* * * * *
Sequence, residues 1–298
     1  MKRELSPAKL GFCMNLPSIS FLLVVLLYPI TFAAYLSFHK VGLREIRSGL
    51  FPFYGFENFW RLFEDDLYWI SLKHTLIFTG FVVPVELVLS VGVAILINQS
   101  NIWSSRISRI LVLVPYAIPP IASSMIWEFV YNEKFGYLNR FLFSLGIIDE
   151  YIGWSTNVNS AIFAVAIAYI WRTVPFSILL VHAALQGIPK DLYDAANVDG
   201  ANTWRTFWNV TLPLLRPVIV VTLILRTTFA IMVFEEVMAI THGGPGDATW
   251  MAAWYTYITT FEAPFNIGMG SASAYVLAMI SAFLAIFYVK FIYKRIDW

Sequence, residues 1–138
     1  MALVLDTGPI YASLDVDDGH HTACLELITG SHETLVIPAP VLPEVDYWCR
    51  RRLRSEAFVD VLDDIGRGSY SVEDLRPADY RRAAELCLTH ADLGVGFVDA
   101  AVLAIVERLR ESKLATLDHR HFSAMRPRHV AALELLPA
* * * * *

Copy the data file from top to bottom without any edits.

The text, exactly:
Sequence, residues 1–298
     1  MKRELSPAKL GFCMNLPSIS FLLVVLLYPI TFAAYLSFHK VGLREIRSGL
    51  FPFYGFENFW RLFEDDLYWI SLKHTLIFTG FVVPVELVLS VGVAILINQS
   101  NIWSSRISRI LVLVPYAIPP IASSMIWEFV YNEKFGYLNR FLFSLGIIDE
   151  YIGWSTNVNS AIFAVAIAYI WRTVPFSILL VHAALQGIPK DLYDAANVDG
   201  ANTWRTFWNV TLPLLRPVIV VTLILRTTFA IMVFEEVMAI THGGPGDATW
   251  MAAWYTYITT FEAPFNIGMG SASAYVLAMI SAFLAIFYVK FIYKRIDW

Sequence, residues 1–138
     1  MALVLDTGPI YASLDVDDGH HTACLELITG SHETLVIPAP VLPEVDYWCR
    51  RRLRSEAFVD VLDDIGRGSY SVEDLRPADY RRAAELCLTH ADLGVGFVDA
   101  AVLAIVERLR ESKLATLDHR HFSAMRPRHV AALELLPA